The body of the work is composed of miscellaneous PoemsSongs and Lyrical Pieces—Devotional Poems—and Sonnets. Of these, we consider the first-mentioned class as altogether the best. It consists of short pieces, principally sentimental, but sometimes descriptive. In his delineations of scenery, our Author frequently follows Warton as a model ; and it is no exaggeration to say, that in the particular style of painting which he adopts, and in the management of the Wartonian octosyllabic couplet (a modification of that of the Penseroso), he is sometimes little inferior to his master. We allude chiefly to the Ode on the First of December, from which we extract the following lines : Mute is every tuneful strain,

The robin only to the dell That warbled from the woodland train. Yet falters forth his weak farewell. No more, on dewy pinions borne, Lingers the long and dreary night; The lark gives morrow to the morn; Scarce the dim and dubious light No more, its fitful shadow seen, Peeps through the severing mists that Skimming the sunshine of the green, chill, The vanish'd swallow, twittering, Coldly blue, yon eastern hill. leaves

Yet the wan moon, amid the west, Its nest of clay beneath the eaves. On twilight's bosom loves to rest; No more resound from bush to bush Yet from each tree her pale beams The gay notes of the sprightly thrush. throw In other climes, the nightingale A branching shadow o'er the snow: Tells to the moon his tender tale : Yet, here and there, a feeble star Of all the tribes, whose music sweet Gleams, scarcely glimmering, from Lov'd answering Echo to repeat,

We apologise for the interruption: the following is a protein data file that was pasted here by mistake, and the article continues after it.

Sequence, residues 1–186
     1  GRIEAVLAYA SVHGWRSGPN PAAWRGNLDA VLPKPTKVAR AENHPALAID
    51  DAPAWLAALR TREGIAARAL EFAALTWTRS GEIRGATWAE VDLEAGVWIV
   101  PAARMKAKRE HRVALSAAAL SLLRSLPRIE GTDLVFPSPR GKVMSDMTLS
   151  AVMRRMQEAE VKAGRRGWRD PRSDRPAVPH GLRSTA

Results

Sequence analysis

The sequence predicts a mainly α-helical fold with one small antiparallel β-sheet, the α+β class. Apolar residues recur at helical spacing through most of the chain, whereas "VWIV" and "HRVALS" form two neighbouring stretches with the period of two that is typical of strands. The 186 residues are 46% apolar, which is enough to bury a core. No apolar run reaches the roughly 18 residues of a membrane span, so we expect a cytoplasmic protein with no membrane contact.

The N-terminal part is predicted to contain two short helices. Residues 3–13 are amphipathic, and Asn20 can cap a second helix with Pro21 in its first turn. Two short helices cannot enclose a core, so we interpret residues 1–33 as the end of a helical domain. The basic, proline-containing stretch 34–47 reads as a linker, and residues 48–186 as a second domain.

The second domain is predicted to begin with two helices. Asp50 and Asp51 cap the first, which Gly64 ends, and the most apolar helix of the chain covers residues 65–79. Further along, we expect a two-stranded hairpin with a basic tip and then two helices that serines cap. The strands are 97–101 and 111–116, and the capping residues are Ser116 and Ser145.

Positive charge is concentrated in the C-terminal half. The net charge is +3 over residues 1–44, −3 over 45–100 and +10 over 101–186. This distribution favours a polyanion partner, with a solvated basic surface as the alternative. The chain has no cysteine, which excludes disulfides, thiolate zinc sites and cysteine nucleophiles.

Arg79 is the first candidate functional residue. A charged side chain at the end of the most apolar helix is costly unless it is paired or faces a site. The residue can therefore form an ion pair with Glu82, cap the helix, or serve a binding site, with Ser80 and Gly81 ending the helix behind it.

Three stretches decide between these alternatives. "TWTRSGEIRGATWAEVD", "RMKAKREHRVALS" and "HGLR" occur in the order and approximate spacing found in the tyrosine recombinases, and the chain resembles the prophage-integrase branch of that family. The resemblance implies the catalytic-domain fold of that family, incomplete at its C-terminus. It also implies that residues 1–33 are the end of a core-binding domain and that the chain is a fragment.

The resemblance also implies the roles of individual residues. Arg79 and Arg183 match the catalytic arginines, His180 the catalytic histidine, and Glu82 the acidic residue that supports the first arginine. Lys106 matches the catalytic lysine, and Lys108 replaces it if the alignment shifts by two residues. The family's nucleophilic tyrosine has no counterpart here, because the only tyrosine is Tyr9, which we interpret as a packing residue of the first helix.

Or, struggling thro' the vapour's damp, Back reflects upon the sight
Twinkles the cotter's early lamp. Prismatic hues of frozen light.
Cheerless is the gloomy day;

On the river's margin troop
Scarce a single, sickly, ray

The thirsty herds in gather'd group; Can pierce aslant the watery clouds, And eye, with drooping aspect, there Where the sad sun his radiance The wave, they see, but cannot share. shrouds.

Hark! the rude bind, with sturdy Slow, as their heavy volume moves, blow, O'er the hill-side the dim light roves; Gives the imprison'd streams to With a pale gleam of radiance falls flow! On the white villa's distant walls ; Loud rings round, from rock to rock, And, glancing on the fair cascade, In long repeat, the crackling shock; Where, as it moans along the glade, O'er the wide forest echoes still, The transitory gale no more

And dies to silence on the hill. Can catch the sullen, deep’ning roar,

The Ode to Memory is in parts poetical; of the other Odes (so called) we will say nothing. The Weaver's Boy is a painfully interesting tale, but not adapted for poetry.